One person who spoke out against the use of liquid nitrogen, according to Kovalenko, was professor Evgeny Ignatenko.
Ignatenko worked at the Soviet Union’s federal energy ministry, where he specialized in nuclear operations. Kovalenko said Ignatenko quickly flew to Chernobyl to assess the scope of the accident and come up with scientific solutions — the role ascribed to Legasov in the series.
He also said Ignatenko was willing to sacrifice his health to save others. While cleanup efforts were underway, Kovalenko said he and Ignatenko had to wash radiation off their bodies. Kovalenko said he noticed while showering that his colleague was missing hair on one armpit and half his head.
When Kovalenko asked about the hair loss, Ignatenko replied that he didn’t want to send young engineers to examine the collapsed reactor, so he did it himself.
Kovalenko called Ignatenko “the real key figure” of the Chernobyl cleanup.
Dyatlov, the show’s villain, was ‘an arrogant narcissist,’ Kovalenko says
The HBO series suggests that Chernobyl was caused by both a flawed reactor and human error, but in a book published before his death, Dyatlov said that a design flaw was solely responsible for the disaster.
Dyatlov was sentenced to 10 years in a labor camp for “criminal mismanagement.” He reportedly ordered operators to continue a safety test despite a significant drop in power that made it dangerous to keep working.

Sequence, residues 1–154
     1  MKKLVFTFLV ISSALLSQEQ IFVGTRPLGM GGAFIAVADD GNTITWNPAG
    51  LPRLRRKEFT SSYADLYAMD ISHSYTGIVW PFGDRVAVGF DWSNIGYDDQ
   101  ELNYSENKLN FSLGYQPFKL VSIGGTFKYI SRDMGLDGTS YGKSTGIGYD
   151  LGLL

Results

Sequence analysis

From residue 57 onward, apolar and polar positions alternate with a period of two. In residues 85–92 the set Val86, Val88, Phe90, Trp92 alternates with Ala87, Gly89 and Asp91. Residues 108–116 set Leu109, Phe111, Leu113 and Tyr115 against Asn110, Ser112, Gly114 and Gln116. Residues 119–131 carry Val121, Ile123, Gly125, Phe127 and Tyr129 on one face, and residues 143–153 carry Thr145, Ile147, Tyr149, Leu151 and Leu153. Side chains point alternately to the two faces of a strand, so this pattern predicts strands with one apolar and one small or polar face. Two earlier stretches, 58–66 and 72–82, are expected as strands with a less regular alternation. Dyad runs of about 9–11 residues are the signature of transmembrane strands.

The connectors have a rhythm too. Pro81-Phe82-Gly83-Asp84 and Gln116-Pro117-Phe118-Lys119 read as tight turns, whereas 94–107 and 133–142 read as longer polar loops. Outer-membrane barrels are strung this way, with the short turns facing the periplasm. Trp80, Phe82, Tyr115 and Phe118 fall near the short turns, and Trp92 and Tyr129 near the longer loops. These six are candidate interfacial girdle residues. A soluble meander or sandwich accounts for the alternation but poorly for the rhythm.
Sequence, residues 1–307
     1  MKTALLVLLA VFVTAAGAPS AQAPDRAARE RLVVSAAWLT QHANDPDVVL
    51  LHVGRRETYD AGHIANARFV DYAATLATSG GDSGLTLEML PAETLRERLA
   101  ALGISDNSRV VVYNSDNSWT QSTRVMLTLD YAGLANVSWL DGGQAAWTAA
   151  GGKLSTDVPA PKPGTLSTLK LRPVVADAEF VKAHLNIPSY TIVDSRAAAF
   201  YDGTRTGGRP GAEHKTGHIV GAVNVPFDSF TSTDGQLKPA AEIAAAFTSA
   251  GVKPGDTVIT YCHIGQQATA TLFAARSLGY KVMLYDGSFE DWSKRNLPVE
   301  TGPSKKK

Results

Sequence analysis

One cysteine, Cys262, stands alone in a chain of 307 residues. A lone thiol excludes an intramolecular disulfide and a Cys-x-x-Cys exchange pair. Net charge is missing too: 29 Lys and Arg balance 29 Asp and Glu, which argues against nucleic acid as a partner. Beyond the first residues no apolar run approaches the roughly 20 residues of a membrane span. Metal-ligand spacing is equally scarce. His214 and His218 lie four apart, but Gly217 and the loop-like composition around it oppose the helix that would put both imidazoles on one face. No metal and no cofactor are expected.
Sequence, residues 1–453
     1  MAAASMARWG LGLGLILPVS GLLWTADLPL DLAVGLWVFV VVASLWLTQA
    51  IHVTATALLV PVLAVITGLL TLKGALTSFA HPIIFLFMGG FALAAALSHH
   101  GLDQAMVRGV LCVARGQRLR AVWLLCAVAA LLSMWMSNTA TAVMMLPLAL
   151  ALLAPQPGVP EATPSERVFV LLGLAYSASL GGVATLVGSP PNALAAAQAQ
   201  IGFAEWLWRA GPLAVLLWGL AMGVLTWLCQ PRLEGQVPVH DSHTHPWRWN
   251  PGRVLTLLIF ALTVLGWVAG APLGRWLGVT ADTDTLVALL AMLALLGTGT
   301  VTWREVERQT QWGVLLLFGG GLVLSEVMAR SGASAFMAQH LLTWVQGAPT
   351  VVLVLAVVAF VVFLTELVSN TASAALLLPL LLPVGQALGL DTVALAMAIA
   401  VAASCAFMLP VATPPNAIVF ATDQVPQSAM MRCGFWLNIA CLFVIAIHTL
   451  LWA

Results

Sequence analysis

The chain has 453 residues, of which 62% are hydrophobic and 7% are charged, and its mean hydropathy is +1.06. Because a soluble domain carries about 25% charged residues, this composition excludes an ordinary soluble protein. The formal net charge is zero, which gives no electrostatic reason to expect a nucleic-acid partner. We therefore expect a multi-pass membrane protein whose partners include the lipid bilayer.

Kovalenko has alleged in the past that Dyatlov was fulfilling the desires of the soviet head of atomic energy, Georgy Kopchinski, who promised to promote Dyatlov to chief engineer or station director. Kopchinski has denied this claim, but power-plant engineers reported that he called to instruct them to continue the safety test.
“Dyatlov was in a hurry to become the boss,” said Kovalenko, who referred to the engineer as “an arrogant narcissist.”
In addition to Dyatlov, the Chernobyl plant manager Viktor Bryukhanov and chief engineer Nikolai Fomin were given 10-year prison sentences for violating safety regulations. Kovalenko said neither of these men should be held responsible for the accident.
“Dyatlov is to blame,” he said. Kovalenko described Bryukhanov as a “talented manager” and heat engineer — not a nuclear specialist who should have known the proper protocol. Fomin, he said, was “on vacation, far from the station” at the time of the accident.
“In any complicated system, the weakest element is people,” Kovalenko said. “If the driver of a fuel truck by mistake turns into the wall of a tunnel and the car explodes … the driver is guilty.”
As for the cleanup crew, Kovalenko said he and his colleagues tried their hardest to remedy the situation.
“People worked not from fear, but from conscience,” he said. “No one thought about punishment or rewards and money. We did everything we could.”
Correction: This article has been updated to clarify that Ignatenko worked for the Soviet Union’s federal energy ministry, not the Kurchatov Institute.